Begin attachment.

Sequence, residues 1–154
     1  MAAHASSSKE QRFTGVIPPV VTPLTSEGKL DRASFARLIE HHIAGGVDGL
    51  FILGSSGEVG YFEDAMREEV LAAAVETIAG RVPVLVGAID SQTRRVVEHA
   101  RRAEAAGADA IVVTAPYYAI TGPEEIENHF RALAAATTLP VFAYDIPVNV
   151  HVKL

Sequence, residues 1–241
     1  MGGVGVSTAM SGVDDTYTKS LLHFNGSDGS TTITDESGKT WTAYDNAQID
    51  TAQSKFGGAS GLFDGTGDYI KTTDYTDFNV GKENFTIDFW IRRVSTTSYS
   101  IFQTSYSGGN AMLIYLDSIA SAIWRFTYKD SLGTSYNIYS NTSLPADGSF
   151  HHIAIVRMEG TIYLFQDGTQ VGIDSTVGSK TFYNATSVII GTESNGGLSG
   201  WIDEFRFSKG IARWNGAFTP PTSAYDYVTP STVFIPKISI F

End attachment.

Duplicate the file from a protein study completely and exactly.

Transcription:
Sequence, residues 1–154
     1  MAAHASSSKE QRFTGVIPPV VTPLTSEGKL DRASFARLIE HHIAGGVDGL
    51  FILGSSGEVG YFEDAMREEV LAAAVETIAG RVPVLVGAID SQTRRVVEHA
   101  RRAEAAGADA IVVTAPYYAI TGPEEIENHF RALAAATTLP VFAYDIPVNV
   151  HVKL

Sequence, residues 1–241
     1  MGGVGVSTAM SGVDDTYTKS LLHFNGSDGS TTITDESGKT WTAYDNAQID
    51  TAQSKFGGAS GLFDGTGDYI KTTDYTDFNV GKENFTIDFW IRRVSTTSYS
   101  IFQTSYSGGN AMLIYLDSIA SAIWRFTYKD SLGTSYNIYS NTSLPADGSF
   151  HHIAIVRMEG TIYLFQDGTQ VGIDSTVGSK TFYNATSVII GTESNGGLSG
   201  WIDEFRFSKG IARWNGAFTP PTSAYDYVTP STVFIPKISI F